chapter  18
13 Pages

Essence of culture and a sense of history: a feminist critique of cultural essentialism

In recent decades, feminists have stressed the need to think about issues of gender

in conjunction with, and not in isolation from, issues of class, race, ethnicity, and

sexual orientation, and have forcefully illustrated that differences among women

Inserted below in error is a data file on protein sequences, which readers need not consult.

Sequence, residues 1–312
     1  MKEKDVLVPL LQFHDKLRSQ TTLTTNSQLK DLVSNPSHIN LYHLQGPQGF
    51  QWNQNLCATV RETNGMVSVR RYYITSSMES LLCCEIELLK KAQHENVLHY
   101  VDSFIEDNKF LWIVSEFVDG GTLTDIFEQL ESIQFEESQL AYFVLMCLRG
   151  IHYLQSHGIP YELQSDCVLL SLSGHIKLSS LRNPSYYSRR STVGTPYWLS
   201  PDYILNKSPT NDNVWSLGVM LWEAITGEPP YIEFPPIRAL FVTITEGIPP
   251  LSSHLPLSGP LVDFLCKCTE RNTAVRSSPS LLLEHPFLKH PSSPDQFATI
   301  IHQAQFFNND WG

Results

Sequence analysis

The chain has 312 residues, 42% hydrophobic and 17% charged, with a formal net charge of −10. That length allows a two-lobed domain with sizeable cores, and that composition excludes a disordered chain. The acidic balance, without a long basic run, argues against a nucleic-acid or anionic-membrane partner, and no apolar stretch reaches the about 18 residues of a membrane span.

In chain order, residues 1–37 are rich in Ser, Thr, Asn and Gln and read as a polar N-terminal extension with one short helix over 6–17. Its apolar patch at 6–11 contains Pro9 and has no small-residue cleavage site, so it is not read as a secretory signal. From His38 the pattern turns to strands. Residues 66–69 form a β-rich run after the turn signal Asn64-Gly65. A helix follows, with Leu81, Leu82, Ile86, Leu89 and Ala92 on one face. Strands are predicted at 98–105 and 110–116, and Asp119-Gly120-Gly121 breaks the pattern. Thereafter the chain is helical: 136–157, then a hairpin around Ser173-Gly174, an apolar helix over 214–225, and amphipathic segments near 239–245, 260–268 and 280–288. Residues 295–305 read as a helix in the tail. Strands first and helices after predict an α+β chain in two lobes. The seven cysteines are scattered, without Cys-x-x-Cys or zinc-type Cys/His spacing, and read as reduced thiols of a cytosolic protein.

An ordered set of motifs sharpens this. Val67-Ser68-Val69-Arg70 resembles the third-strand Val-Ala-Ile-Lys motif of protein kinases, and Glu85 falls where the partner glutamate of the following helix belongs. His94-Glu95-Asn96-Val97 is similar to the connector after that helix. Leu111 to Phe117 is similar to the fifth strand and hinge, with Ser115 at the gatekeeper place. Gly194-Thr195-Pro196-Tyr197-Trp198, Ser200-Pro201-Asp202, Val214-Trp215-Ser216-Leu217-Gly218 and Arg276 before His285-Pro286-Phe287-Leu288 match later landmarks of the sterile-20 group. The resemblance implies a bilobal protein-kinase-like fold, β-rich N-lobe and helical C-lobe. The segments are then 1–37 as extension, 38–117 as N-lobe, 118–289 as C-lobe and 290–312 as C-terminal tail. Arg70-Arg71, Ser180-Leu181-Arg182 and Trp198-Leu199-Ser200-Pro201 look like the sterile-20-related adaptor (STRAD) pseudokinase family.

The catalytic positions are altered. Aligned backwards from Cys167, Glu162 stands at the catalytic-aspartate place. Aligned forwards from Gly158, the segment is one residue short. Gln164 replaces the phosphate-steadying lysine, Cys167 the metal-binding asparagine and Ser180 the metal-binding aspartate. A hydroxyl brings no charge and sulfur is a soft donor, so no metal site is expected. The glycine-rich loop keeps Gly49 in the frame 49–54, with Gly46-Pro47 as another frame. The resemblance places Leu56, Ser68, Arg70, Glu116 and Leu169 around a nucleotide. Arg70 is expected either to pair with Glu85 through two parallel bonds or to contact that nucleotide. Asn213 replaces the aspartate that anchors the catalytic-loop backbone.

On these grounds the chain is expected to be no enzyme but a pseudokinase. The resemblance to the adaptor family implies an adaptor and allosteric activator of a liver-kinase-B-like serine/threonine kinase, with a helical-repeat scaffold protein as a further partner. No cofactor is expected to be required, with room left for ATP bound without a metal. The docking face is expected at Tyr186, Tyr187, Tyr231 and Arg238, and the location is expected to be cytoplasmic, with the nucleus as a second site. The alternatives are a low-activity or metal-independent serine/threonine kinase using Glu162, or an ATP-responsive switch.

must be understood and theorized in order to avoid essentialist generalizations

about “women’s problems” (Anzaldúa 1987; hooks 1981; Lugones and Spelman

1983). The feminist critique of gender essentialism does not merely charge that

essentialist claims about “women” are overgeneralizations, but points out that these

generalizations are hegemonic in that they represent the problems of privileged

women (most often white, Western, middle-class, heterosexual women) as

paradigmatic “women’s issues.” . . .